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Transport Layer Security

Transport Layer Security
Transport Layer Security (TLS) and its predecessor, Secure Sockets Layer (SSL), are cryptographic protocols designed to provide communications security over a computer network.[1] They use X.509 certificates and hence asymmetric cryptography to authenticate the counterparty with whom they are communicating,[2] and to exchange a symmetric key. This session key is then used to encrypt data flowing between the parties. This allows for data/message confidentiality, and message authentication codes for message integrity and as a by-product, message authentication. As a consequence of choosing X.509 certificates, certificate authorities and a public key infrastructure are necessary to verify the relation between a certificate and its owner, as well as to generate, sign, and administer the validity of certificates. In the Internet Protocol Suite, TLS and SSL encrypt the data of network connections in the application layer. Description[edit] History and development[edit] Dr. TLS 1.0[edit] Notes

SSL Programming Tutorial This section demonstrates the implementation of a simple SSL client and server program using OpenSSL APIs. Although SSL client and server programs might differ in their setup and configuration, their common internal procedures can be summarized in Figure 4-8 “ Overview of SSL Application with OpenSSL APIs”. These procedures are discussed in the following sections. Figure 4-8 Overview of SSL Application with OpenSSL APIs Before you can call any other OpenSSL APIs in the SSL application programs, you must perform initialization using the following SSL APIs. The SSL_library_init() API registers all ciphers and hash algorithms used in SSL APIs. SSL applications should call the SSL_load_error_strings() API. The first step after the intialization is to choose an SSL/TLS protocol version. For every SSL/TLS version, there are three types of APIs to create an SSL_METHOD structure: one for both client and server, one for server only, and one for client only. For the SSL server:For the SSL client:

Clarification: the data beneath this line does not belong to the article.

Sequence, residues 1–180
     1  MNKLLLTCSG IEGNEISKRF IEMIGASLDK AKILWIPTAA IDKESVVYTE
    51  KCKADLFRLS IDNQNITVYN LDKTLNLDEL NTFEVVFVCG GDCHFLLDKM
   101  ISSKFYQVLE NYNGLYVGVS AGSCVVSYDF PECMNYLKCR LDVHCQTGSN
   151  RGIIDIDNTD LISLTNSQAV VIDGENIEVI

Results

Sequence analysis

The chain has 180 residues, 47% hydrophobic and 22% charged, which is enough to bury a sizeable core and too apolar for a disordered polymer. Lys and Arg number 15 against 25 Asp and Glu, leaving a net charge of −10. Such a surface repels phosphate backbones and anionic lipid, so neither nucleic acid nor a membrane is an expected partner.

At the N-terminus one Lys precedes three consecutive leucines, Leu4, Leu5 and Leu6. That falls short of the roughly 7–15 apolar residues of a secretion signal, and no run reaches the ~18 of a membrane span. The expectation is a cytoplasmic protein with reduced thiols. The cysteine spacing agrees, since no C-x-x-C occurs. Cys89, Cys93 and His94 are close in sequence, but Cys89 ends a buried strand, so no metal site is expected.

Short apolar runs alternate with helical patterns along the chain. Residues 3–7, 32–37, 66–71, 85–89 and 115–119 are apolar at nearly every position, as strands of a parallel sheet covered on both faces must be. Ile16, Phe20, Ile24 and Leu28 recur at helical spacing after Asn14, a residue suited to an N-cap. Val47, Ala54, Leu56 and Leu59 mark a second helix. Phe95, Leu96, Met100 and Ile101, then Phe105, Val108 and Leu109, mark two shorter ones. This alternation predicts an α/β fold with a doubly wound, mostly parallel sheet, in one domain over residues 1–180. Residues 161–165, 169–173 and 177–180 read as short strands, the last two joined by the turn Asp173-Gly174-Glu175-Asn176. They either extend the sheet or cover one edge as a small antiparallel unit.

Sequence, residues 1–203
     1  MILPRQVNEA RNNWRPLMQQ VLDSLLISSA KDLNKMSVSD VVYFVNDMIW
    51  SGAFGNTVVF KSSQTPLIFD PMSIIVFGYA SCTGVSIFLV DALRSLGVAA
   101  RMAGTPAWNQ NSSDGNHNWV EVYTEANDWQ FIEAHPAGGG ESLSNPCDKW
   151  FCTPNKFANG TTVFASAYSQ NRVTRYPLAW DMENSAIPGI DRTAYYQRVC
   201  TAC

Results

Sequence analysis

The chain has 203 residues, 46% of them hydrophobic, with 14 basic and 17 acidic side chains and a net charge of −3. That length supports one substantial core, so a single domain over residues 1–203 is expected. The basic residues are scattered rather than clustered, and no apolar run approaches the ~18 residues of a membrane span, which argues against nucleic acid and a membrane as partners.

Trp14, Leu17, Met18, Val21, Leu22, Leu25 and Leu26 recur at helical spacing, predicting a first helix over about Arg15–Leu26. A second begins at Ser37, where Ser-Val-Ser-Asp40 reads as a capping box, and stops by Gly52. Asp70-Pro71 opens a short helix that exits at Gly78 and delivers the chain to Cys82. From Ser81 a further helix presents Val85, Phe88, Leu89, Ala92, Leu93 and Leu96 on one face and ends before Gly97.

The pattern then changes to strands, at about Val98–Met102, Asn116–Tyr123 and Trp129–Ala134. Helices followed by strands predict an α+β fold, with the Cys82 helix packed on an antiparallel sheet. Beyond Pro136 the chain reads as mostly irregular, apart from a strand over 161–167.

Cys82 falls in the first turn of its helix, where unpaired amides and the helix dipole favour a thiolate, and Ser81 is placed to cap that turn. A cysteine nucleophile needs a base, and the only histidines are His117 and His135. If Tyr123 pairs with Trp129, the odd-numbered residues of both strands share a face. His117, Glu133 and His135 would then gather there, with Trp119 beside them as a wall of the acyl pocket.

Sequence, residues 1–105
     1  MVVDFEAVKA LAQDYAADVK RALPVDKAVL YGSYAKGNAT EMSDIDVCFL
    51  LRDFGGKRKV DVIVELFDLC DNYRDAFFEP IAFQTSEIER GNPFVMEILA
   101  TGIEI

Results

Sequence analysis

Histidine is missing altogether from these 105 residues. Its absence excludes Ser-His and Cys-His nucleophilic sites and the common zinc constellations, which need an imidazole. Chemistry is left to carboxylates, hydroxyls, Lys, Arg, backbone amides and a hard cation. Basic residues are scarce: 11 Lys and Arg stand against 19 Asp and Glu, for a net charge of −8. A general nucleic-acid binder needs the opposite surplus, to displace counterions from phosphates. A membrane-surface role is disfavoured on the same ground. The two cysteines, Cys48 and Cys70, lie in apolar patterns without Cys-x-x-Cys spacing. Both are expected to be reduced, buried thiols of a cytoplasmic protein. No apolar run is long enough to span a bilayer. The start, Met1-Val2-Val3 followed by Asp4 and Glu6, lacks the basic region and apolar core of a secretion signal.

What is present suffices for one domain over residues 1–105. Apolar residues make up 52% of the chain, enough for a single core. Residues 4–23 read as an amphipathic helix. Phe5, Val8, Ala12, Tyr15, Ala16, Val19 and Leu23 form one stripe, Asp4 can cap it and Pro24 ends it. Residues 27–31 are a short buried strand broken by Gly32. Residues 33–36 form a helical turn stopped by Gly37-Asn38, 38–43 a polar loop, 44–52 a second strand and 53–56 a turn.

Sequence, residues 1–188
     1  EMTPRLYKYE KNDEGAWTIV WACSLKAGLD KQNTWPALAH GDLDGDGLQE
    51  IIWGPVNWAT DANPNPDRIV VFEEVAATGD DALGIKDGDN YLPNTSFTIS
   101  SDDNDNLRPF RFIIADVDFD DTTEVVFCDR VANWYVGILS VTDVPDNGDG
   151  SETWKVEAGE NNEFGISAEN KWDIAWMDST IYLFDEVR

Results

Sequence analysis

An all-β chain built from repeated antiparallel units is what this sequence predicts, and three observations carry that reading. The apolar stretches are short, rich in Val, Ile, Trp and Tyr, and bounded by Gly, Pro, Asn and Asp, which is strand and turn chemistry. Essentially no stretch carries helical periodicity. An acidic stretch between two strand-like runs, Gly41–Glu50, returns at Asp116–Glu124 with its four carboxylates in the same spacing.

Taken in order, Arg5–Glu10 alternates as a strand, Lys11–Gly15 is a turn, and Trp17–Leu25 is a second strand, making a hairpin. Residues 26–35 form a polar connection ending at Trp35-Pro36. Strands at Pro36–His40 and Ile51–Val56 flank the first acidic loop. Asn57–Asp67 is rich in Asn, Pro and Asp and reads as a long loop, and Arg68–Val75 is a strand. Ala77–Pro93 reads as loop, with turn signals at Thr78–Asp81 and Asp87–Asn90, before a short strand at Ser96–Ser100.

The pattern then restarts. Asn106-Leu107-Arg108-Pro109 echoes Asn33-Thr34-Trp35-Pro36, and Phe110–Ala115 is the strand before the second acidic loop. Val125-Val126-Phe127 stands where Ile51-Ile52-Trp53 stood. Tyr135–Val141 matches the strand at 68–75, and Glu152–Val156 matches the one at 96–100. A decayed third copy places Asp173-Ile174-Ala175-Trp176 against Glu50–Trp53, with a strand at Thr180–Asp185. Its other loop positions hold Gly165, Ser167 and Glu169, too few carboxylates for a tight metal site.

Survival Guide - SSL/TLS and SSL (X.509) Certificates (Self-Signed) This is a survival guide to the eye-glazing topic of TLS/SSL and X.509 (SSL) certificates - including self-signed certificates. These are elements in what is loosely called a Public Key Infrastructure (PKI). What are colloquially known as SSL certificates should be referred to as X.509 certificates. The term SSL certificate became common due to the adoption of the X.509 (one of the ITU X.500 Directory standards) certificate format by Netscape when it designed the original versions of the SSL protocol, eons ago, when the world was still young and the Internet was a friendly place. The term 'SSL certificate' has persisted simply because given the choice of saying SSL certificate or 'X.509 certificate' which would you choose? The current guide includes SSL, TLS, some detail about X.509 and its usage as well as some explanation about certificate types, including EV certificates, and the trust process. If, however, you just want to read the blasted RFC, feel free to click the links below.